Monday, January 17, 2022

On Being Visionary

By Joe Chesser


    You’ve probably heard the proverb many times, especially around the new year.  You know, the one that says, “where there is no vision, the people perish” (Proverbs 29:18).  This verse has been used (and abused) by dreamers and goal setters for decades (or even centuries) to encourage people to make plans for the new year and beyond. It’s been used to urge churches to set goals for growth and involvement.  If we don’t, they say, we are doomed to apathy, failure and frustration.

    While I personally believe it is very important to have goals and dreams towards which to work, I do not believe having goals is the message of the above proverb – at least, not the primary message.

    By taking a closer look at the verse, especially by comparing the KJV translation of it to other versions, a different meaning will emerge.  God’s Word translation (GW) says, “Without prophetic vision people run wild.”  The NIV puts it this way: “Where there is no revelation, the people cast off restraint.” The primary message of this verse, then, is that without guidance from God through His revelation to prophets (i.e., in visions), people will not know how to act properly, and thus will run wild, cast off restraint and perish.  It’s about hearing God and following His rules for righteous living. In addition, consider the latter part of the verse: “But happy is he who keeps the law” (NKJV). You see, keeping the law of God connects the reader to the need for visions from God, so the people can be blessed.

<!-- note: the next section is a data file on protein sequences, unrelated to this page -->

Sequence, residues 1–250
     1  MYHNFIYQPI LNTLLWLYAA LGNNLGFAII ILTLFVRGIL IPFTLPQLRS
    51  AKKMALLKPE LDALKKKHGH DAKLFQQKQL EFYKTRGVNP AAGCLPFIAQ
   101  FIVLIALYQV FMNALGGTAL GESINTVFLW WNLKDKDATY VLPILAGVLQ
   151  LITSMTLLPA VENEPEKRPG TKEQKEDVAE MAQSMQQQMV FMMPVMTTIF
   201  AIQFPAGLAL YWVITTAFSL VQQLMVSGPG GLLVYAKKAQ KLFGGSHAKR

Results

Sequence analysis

However, the proverb is not totally unrelated to having the vision to set goals for what you want to accomplish or become in the future.  The difference is that it’s not your vision, but God’s vision that this proverb says is important to have.  Through hearing God’s revelation we all are to become visionaries, or perish.  We have to hear from God (through His messengers) what we can become, how we can do it, and where we can spend eternity. Then we set our sights on those “visions” and work toward achieving them.

    Jesus came to give us a “vision” of the Father and to provide the way and means for us to become like Him and live with Him forever (John 1:14; 14:5-9).  It’s up to us not only to catch this vision ourselves, but to help others also catch it.  A part of being a visionary is to help others become visionaries also.  Without this “vision” of Jesus we will certainly perish. No one goes to the Father except by seeing Jesus (John 14.6).

    As a church, let’s be a collection of visionaries in 2022.  Let’s encourage each other to not only have the vision of Christ before us at all times, but also to see through the eyes of Jesus how to impact the world around us.  Let’s talk about it; let’s hope for it; let’s reach for it.  Without this kind of vision, people will perish.

- Joe Chesser preaches for the Fruitland Church of Christ, Fruitland, MO.  He may be contacted at

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